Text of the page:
Strawberries are easy to grow and they adapt to almost any kind of container. They send out runners and propagate themselves continuously, but they also welcome a helping hand to divide them up and transplant them anywhere and everywhere. “Strawberry Fields Forever” aren’t just the lyrics in a Beatles song—they’re reality when you let strawberries have their way. What could be better than a surplus of strawberries? It’s a thrill for even very young children to pick the bright red berries out of the patch with their tiny hands and eat ’em on the spot.
But this article is not about what you should plant and how to grow it, but to encourage you to build raised beds, and to use planters and containers to grow your garden in. Raised beds facilitate what is called “intensive gardening”—meaning increased yields, improved quality, and efficiency. You’ll have more control over every aspect of the garden work: planting, watering, fertilizing, weeding, thinning, pruning, removing pests, and harvesting, not to mention smelling and tasting. And as aforementioned, the extra elevation makes the garden a pleasure to tend without crouching and straining. If you ever do have to resort to your knees though, strap on cheap foam knee pads from the hardware store or the grange ($5). They work great and are totally comfortable. I even wear them in the house when I’m scrubbing the bathtub or cleaning the oven.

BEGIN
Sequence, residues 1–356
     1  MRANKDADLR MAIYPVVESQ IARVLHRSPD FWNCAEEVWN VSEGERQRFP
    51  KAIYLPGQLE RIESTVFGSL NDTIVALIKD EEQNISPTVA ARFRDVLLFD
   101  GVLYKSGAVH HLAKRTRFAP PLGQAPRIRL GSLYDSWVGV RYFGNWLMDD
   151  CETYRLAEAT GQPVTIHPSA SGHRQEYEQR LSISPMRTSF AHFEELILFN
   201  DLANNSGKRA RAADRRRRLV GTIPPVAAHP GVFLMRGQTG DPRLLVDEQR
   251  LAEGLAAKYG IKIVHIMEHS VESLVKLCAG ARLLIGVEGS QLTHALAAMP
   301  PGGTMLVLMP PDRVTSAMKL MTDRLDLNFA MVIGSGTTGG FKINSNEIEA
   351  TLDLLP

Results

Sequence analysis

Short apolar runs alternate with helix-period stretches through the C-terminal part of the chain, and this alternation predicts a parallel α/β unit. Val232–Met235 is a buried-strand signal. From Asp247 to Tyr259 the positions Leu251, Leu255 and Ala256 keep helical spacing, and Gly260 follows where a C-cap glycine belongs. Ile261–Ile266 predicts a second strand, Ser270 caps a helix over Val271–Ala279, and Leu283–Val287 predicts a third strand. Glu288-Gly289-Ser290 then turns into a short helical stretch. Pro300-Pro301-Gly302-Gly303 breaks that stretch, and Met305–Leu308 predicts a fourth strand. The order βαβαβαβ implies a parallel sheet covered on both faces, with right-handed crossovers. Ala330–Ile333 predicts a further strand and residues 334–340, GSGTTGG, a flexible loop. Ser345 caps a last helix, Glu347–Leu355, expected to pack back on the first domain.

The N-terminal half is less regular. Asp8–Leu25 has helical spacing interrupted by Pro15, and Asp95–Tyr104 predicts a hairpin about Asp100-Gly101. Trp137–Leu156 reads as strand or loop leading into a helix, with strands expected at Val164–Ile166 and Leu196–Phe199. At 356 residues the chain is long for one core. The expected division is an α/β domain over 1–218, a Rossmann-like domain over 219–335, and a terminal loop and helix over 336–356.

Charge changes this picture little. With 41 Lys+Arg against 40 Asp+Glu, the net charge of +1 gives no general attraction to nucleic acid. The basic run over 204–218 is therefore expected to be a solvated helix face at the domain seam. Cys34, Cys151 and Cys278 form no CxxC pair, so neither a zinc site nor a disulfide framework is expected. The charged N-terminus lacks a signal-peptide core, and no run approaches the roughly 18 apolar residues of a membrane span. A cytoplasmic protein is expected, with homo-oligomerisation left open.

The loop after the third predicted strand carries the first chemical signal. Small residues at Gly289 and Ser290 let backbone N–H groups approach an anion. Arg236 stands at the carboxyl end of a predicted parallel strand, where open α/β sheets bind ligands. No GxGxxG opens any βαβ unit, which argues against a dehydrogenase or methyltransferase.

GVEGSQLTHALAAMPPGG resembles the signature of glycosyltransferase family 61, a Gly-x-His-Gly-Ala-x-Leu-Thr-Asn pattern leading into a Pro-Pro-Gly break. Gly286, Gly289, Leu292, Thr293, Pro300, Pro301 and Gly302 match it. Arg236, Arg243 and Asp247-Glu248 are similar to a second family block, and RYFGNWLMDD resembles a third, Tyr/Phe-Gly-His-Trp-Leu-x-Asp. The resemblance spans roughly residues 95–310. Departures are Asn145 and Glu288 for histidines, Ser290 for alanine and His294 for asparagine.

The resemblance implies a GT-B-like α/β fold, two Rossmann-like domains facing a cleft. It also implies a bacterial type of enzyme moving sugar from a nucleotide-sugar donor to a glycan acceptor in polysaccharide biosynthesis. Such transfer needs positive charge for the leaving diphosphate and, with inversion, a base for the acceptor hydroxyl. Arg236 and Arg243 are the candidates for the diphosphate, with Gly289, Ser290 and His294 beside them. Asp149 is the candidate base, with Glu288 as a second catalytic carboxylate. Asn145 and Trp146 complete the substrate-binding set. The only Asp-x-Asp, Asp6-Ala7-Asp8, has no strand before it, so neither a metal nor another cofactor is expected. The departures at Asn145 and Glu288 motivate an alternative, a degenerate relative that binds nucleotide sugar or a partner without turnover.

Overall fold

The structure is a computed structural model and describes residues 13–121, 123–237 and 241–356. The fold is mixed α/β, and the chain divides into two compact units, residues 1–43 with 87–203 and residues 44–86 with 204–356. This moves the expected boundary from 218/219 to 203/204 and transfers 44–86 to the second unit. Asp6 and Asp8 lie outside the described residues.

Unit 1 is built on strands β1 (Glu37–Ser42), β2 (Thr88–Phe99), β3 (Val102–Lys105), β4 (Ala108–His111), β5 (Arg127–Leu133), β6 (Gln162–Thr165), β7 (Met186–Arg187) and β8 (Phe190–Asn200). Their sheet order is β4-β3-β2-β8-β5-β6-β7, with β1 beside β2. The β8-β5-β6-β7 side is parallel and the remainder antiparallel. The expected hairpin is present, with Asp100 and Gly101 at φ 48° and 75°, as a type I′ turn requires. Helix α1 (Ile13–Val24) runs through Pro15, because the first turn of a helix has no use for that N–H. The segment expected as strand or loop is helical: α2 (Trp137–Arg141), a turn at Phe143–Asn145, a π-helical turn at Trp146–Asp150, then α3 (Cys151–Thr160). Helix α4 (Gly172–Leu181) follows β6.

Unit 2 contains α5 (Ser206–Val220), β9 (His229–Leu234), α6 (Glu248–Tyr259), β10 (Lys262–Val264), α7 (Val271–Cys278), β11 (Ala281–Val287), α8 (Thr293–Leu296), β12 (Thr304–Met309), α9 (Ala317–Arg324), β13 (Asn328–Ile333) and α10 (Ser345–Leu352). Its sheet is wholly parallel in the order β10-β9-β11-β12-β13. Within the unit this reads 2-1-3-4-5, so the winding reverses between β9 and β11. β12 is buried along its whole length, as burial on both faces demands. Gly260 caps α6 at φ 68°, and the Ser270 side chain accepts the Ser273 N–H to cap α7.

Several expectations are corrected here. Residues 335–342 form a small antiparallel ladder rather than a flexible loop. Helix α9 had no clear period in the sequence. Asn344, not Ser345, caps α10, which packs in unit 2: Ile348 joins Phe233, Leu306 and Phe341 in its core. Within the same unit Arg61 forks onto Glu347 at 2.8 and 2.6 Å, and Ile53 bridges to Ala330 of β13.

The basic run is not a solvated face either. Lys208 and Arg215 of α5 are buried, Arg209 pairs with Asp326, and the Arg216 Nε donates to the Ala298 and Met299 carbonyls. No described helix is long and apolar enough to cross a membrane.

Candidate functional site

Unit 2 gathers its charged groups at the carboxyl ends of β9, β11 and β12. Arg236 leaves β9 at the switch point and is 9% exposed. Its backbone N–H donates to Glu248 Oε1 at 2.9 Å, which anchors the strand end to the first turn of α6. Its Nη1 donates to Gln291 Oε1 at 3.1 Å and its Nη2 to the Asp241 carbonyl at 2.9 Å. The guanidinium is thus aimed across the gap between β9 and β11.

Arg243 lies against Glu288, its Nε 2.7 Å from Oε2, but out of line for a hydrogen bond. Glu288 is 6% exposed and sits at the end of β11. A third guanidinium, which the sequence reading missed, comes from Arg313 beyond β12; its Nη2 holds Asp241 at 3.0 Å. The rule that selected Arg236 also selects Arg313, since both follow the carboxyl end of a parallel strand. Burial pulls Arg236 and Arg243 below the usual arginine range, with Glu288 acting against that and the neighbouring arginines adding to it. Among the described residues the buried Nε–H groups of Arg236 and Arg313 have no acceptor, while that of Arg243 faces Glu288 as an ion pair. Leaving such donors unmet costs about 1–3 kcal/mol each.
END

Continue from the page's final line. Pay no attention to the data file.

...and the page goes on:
Building the beds
Beds made from conventional lumber are easy to build and only require the most rudimentary carpenter skills. You can use just about any old and gray lumber you can find or you can buy garden heart redwood planks or cedar fencing from the lumber yard. My raised beds are made from regular Douglas Fir (DF) 2x10s in standard lengths because I had a bunch of culls lying around unemployed, and the soil is rich under the beds, so taller sides weren’t necessary. The fir won’t last as long as redwood or cedar but I can switch when it starts to rot. Right now beautiful DF lumber is cheap cheap cheap at the lumber yards (only 20 cents a foot in December 2008).
The end boards of your rectangle or square are joined to the side boards with 3-inch sheetrock screws. It’s a good idea to put a couple of 90 degree brackets inside each corner, but I used extra screws instead. Note: Always pre-drill screw holes close to the ends of the boards to prevent splitting.
For more strength you can place a vertical 4×4 or 2×4 inside each corner to fasten the horizontal boards to. If you want to anchor your bed to the ground, build it upside down, taper the ends of the four corner posts, then turn it over and drive those legs into the ground. Use a small sledge but put a protective board on top of the corner to pound on. (See illustration.)